When TMCnet recently sat down with Edi Murway, head test engineer for Server Technology (News - Alert), one thing was clear – the company’s decision to 100 percent product test is working.
“Our processes are very well established,” Murway said. “We’ve always had a very low failure rate, but things do fail. People are involved in the process and whenever people or machines are involved in the process there are always going to be failures. So, having the confidence that when we ship that product it’s going to be 100 percent of what it’s designed to do and what the customer expects makes it worth it.”
For the past 25 years, Server Technology, a global leader in power distribution products and power monitoring software, has tested product performance prior to shipping. The process in the past few years has become even more robust and the company that creates solutions related to data center power and telecommunications prides itself on offering 100 percent performance testing.
The results speak for themselves as the data center power solution company rarely hears about product failures once the finished product ships.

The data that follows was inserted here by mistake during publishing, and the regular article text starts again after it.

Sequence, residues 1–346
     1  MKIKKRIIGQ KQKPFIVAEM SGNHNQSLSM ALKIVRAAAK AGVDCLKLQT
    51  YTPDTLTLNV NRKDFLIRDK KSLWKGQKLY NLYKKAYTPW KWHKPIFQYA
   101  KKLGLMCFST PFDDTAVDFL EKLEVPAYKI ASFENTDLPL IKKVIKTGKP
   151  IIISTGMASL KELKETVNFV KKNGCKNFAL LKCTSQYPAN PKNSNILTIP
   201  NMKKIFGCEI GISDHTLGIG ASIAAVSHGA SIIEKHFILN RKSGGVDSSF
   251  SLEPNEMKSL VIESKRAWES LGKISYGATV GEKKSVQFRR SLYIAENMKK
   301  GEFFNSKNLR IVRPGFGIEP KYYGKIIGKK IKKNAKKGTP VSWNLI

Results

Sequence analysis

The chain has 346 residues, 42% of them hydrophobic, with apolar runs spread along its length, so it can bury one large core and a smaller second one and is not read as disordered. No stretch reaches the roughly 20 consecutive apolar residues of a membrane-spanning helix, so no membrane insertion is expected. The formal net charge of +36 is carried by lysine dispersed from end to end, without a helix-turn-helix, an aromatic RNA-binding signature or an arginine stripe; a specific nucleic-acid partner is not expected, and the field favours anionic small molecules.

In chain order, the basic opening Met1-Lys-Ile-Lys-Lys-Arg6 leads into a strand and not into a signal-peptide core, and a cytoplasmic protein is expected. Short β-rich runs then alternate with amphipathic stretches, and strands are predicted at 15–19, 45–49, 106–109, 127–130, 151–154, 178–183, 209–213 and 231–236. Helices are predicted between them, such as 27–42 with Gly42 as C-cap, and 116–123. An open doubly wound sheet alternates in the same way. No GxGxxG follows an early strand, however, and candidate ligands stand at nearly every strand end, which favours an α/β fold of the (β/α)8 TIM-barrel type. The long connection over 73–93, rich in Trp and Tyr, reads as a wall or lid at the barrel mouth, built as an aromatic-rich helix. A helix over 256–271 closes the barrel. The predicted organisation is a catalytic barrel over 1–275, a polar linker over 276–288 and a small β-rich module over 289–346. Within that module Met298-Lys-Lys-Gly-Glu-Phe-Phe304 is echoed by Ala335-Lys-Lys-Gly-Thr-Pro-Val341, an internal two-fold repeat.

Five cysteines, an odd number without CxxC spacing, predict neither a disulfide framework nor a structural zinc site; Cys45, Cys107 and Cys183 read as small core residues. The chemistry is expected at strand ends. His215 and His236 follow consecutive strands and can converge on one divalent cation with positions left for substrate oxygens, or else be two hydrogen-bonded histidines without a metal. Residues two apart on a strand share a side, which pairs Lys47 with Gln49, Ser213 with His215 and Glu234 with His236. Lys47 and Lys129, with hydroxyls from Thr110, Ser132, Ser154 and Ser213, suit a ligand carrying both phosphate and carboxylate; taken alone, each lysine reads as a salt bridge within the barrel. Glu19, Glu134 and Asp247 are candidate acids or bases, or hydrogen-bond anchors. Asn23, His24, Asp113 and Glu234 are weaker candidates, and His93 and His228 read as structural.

“Our failure rates are very, very low,” Murway said. “We have had issues with process that show up immediately before they ever get close to the product… we don’t get 1,000 boards into the field to find out we might have a problem with that.”
“I have been doing this for 40 years and in my experience with customers they really appreciate the due diligence being done prior to them getting it,” he said. “The worst thing for them is to open a box, plug it in and it doesn’t work.”
The overarching reason for doing the power testing is simple – to make sure that any product that leaves the building functions as per designed and meets all the criteria of the customer. Server Technology performs thermal, shock and vibration, compliance and ATE tests, among other tests.
Products are tested at all stages, starting from when the product is in its infancy to when it has become finalized. Any changes that are made along the way to the product, particularly electrical changes, mean that the product will have to undergo the same rounds of testing all over again. Perhaps the most important stage of testing is when the product is deemed ready for consumer use, according to Murway.
“Just before it goes out the door after the final modification, we test it once again,” he said. “We don’t just test it by plugging it in and making sure the lights come on, we plug it in and we load every receptacle. We just want to make sure that functionally, the product fully works under the conditions it will see in the future.”Carrie Schmelkin is a Web Editor for TMCnet. Previously, she worked as Assistant Editor at the New Canaan Advertiser, a 102-year-old weekly newspaper, covering news and enhancing the publication's social media initiatives. Carrie holds a bachelor's degree in journalism and a bachelor's degree in English from the S.I. Newhouse School of Public Communications at Syracuse University. To read more of her articles, please visit her columnist page.
Edited by Janice McDuffee